Next, the shield processing procedure will be described. As shown in FIG. 19, the lower resin member 31 is disposed on the lower supporting base 15a of the ultrasonic horn 15, a portion of the flat shielded cable 1 in the vicinity of its end isplaced thereon, one end side of the grounding wire 13 is further placed thereon, and the upper resin member 30 is then placed thereon. Thus the flat shielded cable 1 is placed in the recesses 30d and 31d of the pair of resin members 30 and 31, and oneend side of the grounding wire 13 is interposed between the upper resin member 30 and a position over both the grounding wire-use contact portion 6a and the drain wire 5 of this flat shielded cable 1. Thus, in this state, only the portions located onthe outer sides of the grounding wire-use contact portion 6a of the flat shielded cable 1 are clamped by the pair of resin members 30 and 31.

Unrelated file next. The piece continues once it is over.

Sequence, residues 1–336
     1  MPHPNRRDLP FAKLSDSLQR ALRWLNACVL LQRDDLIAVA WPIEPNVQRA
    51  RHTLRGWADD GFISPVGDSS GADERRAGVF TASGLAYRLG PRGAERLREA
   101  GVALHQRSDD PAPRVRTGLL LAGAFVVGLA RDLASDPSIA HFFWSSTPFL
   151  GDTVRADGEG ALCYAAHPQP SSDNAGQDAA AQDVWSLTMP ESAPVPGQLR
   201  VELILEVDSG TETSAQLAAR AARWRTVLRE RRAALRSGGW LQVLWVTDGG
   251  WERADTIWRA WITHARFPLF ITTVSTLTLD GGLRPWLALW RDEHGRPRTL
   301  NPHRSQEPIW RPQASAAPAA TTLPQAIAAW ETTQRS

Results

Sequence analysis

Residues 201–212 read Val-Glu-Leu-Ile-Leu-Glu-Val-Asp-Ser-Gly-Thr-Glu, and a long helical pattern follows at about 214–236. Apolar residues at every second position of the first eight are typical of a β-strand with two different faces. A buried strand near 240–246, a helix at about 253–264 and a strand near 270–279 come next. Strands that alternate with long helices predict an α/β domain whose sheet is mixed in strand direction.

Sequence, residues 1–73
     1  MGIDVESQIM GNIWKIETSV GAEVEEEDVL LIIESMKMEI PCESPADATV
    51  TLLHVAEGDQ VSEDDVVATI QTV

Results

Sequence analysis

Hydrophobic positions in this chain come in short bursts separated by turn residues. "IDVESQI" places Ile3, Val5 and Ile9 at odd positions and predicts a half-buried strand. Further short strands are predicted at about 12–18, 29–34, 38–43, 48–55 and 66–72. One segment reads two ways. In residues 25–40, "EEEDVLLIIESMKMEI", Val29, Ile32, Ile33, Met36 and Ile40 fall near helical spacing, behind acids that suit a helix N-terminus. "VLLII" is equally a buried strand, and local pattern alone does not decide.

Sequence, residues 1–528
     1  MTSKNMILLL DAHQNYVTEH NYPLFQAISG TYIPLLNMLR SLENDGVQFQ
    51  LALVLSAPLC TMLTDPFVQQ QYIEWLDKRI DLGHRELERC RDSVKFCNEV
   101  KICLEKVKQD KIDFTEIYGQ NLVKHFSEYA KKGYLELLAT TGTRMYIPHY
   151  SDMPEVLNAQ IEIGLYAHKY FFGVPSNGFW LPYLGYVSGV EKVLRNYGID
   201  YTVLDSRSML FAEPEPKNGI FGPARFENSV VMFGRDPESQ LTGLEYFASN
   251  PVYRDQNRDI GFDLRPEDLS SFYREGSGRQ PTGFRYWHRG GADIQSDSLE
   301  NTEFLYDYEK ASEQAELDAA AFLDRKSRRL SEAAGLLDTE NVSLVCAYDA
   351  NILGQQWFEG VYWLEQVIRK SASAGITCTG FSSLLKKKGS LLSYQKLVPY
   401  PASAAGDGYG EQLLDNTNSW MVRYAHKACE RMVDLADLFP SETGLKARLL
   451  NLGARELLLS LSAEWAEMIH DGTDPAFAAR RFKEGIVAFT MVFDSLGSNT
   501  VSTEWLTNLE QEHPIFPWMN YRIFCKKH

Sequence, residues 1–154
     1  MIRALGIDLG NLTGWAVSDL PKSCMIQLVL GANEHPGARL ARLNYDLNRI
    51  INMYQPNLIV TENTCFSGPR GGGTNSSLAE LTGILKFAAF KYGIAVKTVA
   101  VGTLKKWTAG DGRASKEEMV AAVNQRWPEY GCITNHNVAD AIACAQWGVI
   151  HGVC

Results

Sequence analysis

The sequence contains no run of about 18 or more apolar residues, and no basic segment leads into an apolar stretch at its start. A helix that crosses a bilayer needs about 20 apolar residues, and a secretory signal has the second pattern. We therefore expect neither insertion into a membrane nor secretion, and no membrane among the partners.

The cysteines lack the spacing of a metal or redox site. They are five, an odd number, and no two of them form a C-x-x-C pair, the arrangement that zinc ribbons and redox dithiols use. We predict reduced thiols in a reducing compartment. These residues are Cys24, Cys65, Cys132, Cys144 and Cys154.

Next, the ultrasonic horn body 15b is lowered, and vibration is applied to the pair of resin members 30 and 31 by the ultrasonic horn 15 while a compressive force is being applied across them. Then the insulating outer jacket 7 of the flatshielded cable 1 and the insulating outer jacket 13b of the grounding wire 13 are melted and scattered by the internal heat generation of the vibrational energy, and the conductor 13a of the grounding wire 13, on the one hand, and the aluminum foilshield member 6 and the drain wire 5 of the flat shielded cable 1, on the other hand, are brought into electrical contact with each other (see FIGS. 22 and 23). In addition, contact portions of the joining surfaces 30a and 31a of the pair of resinmembers 30 and 31, the portions of contact between the inner peripheral surfaces of the recesses 30d and 31d of the pair of resin members 30 and 31 and the insulating outer jacket 7 of the flat shielded cable 1, and the portions of contact between theinsulating outer jacket 13b of the grounding wire 13 and the pair of resin members 30 and 31 are melted by the internal heat generation of the vibrational energy. As the result of the fact that these molten portions solidify after completion of theultrasonic vibration, the pair of resin members 30 and 31, the flat shielded cable 1, and the grounding wire 13 are respectively fixed to each other.